To this day the constitution, the doctrines and the services of the Protestant Episcopal church retain the visible marks of the compromise from which she sprang. Her name is significant of the origin and when that is gone all is gone.

She occupies a middle position between the churches at Rome and Ge


Her doctrinal confessions and discourses, composed by Protestants, set forth principles of theology in which Calvin or Knox would have found scarcely a word to disapprove. Her prayers and thanksgivings, derived from the ancient Beviaries are very generally such that Cardinal Fisher or

Cardinal Pole might have heartily joined in them.

The Church of Rome held that episcopacy was of divine institution, and that certain supernatural graces of a high order had been transmitted by the imposition of hands through fifty generations, from the eleven who received their commission on the Galilean mount to the bishops who met at Trent.

A large body of Protestants on the other hand regarded prelacy as positively unlawful, and persuaded themselves that they found a very different form of ecclesiastical government prescribed in scripture.

The founders of the Anglican church took a middle course. They retained episcopacy; but they did not declare it to be an institution essential to the welfare of a Christian society or to the efficacy of the sacraments.

But it may be that we are to behold the extinction of this great church and the substitution of some other in its place.

It was Macauley who said, after studying with the most intense interest the Roman Catholic church :

"She saw the commencement of all the governments and of all the ecclesiastical establishments that now exist in the world, and we feel no assurance that she is not destined to see the end of them all; she was great and respected before the Saxon had set foot on Britain, before the Frank had passed the Rhine, when Grecian eloquence still flourished in Antioch, when idols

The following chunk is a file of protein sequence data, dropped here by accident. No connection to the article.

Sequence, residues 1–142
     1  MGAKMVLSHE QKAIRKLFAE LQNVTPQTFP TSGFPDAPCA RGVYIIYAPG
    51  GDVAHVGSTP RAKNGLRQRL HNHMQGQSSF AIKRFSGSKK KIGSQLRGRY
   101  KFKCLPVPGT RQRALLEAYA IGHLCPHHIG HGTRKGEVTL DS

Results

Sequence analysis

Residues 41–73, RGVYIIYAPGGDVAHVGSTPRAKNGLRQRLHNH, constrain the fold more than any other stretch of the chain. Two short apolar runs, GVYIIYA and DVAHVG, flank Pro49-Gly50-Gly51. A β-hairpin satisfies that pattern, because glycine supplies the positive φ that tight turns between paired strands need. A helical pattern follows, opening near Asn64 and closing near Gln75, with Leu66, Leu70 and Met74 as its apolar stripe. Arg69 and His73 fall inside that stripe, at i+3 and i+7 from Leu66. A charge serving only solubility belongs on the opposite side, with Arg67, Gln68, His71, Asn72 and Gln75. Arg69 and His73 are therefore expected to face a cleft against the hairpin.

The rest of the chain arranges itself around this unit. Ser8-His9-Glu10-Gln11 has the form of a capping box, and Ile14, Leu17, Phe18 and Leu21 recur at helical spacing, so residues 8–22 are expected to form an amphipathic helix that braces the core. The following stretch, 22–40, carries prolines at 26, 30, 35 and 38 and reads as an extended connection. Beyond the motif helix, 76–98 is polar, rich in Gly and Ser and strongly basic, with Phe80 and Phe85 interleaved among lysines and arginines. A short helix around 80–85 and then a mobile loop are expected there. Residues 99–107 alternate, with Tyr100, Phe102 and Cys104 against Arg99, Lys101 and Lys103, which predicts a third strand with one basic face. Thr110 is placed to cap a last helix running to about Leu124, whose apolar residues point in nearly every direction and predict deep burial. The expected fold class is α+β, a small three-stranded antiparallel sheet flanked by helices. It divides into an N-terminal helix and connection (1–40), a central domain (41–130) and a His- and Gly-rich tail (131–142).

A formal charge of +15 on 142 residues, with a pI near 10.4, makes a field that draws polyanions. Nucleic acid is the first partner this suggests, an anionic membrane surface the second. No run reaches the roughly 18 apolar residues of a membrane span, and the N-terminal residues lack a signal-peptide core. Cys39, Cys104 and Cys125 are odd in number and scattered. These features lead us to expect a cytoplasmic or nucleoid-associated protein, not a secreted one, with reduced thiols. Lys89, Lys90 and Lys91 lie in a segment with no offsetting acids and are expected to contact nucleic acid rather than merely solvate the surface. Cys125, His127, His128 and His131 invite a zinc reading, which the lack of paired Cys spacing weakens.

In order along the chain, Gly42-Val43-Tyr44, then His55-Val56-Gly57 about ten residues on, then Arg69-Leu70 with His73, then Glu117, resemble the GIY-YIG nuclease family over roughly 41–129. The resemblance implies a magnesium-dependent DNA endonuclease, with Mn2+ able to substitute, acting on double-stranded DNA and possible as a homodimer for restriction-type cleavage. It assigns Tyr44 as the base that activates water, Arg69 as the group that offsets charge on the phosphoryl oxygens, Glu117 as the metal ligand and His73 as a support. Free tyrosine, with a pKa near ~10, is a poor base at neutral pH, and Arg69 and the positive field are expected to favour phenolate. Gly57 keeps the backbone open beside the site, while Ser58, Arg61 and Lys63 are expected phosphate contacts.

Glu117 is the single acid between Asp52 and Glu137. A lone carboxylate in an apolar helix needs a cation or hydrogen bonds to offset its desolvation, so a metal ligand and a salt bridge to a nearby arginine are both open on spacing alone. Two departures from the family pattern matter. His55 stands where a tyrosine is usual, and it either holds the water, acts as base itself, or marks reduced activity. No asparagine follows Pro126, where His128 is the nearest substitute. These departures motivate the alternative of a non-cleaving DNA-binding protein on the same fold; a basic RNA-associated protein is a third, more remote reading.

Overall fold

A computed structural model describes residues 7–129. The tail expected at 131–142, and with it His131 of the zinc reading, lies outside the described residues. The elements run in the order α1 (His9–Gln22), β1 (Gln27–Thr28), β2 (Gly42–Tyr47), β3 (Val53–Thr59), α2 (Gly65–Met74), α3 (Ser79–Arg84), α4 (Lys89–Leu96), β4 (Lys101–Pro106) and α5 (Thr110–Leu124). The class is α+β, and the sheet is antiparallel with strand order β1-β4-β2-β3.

were still worshipped in the temple of Mecca.

"And she may still exist in undiminished vigor when some traveler from New Zealand shall, in the midst of a vast solitude, take his stand on a broken arch of London bridge to sketch the ruins of St. Pauls."

estant church and then send for the New Zealand chief."


Nothing generally excites admiration sooner than success achieved in the face of seemingly insurmountable obstacles, natural or artificial. By the latter term is meant that resistance which has its animus furandi in jealousy, the rage of man, in competition, cr peradventure in the "ignorant fumes that mantle the clearer reason" of a brother man. This is true in all vocations, especially the learned professions. Suppose a case;―suppose an Ohio boy to have passed through the High Schools of one of the important towns of that State at fourteen years of age, whose aspirations for scholarship led him to work as hard with his hands for the means of acquiring that education, as with his head for its advantages, whose life-work takes on at first, ambition to be a mechanic and the time spent usually by boys at their play, found him occupied with a set of cabinet making


EDITOR'S NOTE.-While this concludes this immediate series, we are pleased to announce that arrangements have been made for other papers from the able pen of Judge Anthony upon kindred themes, the publication of which will commence in the succeed

Strike out the words "Protestant
Episcopal" from the grand old Prot- ing number.



tools, in a workshop making useful articles of furniture, thus feeling his way toward permanent self-support. At fifteen he is in Colorado, clerking, and at sixteen in general charge of one of the branch stores belonging to one of the largest mercantile firms of Southern Colorado, supplying the miner's outfits and doing a very large busiAt seventeen, back in Ohio, energetically at study in an academy, completing a four years' course in two years. Afterwards a school teacher in Kansas; next employed as an expert book-keeper at Emporia, where he again became interested in mercantile. pursuits, this time as a partner in an established house, serving at the same time, as President of the Young Men's Christian Association. Then for a while law engaged his attention, and he studied it accordingly, but finally drifted into the study of medicine, in which he became interested when